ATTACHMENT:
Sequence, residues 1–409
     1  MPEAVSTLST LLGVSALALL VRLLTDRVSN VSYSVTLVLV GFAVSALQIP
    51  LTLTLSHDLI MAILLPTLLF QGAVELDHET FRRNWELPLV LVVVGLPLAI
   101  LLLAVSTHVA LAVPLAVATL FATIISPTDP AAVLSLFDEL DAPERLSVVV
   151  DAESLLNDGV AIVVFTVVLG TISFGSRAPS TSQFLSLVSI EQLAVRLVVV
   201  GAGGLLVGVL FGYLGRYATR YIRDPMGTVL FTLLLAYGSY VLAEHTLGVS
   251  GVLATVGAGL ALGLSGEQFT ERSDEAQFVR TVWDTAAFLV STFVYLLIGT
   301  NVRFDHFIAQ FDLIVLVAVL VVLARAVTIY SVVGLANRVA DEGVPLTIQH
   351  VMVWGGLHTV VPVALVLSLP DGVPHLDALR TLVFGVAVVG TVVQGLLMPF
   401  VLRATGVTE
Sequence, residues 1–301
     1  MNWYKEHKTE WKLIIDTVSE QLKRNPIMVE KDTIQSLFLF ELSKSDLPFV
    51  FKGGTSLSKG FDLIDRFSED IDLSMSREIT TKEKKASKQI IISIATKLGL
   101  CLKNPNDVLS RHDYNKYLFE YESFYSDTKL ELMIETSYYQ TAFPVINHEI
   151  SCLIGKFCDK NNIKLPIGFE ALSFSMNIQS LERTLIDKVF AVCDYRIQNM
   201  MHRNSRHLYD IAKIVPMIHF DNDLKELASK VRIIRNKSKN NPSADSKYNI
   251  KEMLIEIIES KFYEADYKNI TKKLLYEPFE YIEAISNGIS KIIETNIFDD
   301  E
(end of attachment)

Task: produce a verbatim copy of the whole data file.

Sequence, residues 1–409
     1  MPEAVSTLST LLGVSALALL VRLLTDRVSN VSYSVTLVLV GFAVSALQIP
    51  LTLTLSHDLI MAILLPTLLF QGAVELDHET FRRNWELPLV LVVVGLPLAI
   101  LLLAVSTHVA LAVPLAVATL FATIISPTDP AAVLSLFDEL DAPERLSVVV
   151  DAESLLNDGV AIVVFTVVLG TISFGSRAPS TSQFLSLVSI EQLAVRLVVV
   201  GAGGLLVGVL FGYLGRYATR YIRDPMGTVL FTLLLAYGSY VLAEHTLGVS
   251  GVLATVGAGL ALGLSGEQFT ERSDEAQFVR TVWDTAAFLV STFVYLLIGT
   301  NVRFDHFIAQ FDLIVLVAVL VVLARAVTIY SVVGLANRVA DEGVPLTIQH
   351  VMVWGGLHTV VPVALVLSLP DGVPHLDALR TLVFGVAVVG TVVQGLLMPF
   401  VLRATGVTE
Sequence, residues 1–301
     1  MNWYKEHKTE WKLIIDTVSE QLKRNPIMVE KDTIQSLFLF ELSKSDLPFV
    51  FKGGTSLSKG FDLIDRFSED IDLSMSREIT TKEKKASKQI IISIATKLGL
   101  CLKNPNDVLS RHDYNKYLFE YESFYSDTKL ELMIETSYYQ TAFPVINHEI
   151  SCLIGKFCDK NNIKLPIGFE ALSFSMNIQS LERTLIDKVF AVCDYRIQNM
   201  MHRNSRHLYD IAKIVPMIHF DNDLKELASK VRIIRNKSKN NPSADSKYNI
   251  KEMLIEIIES KFYEADYKNI TKKLLYEPFE YIEAISNGIS KIIETNIFDD
   301  E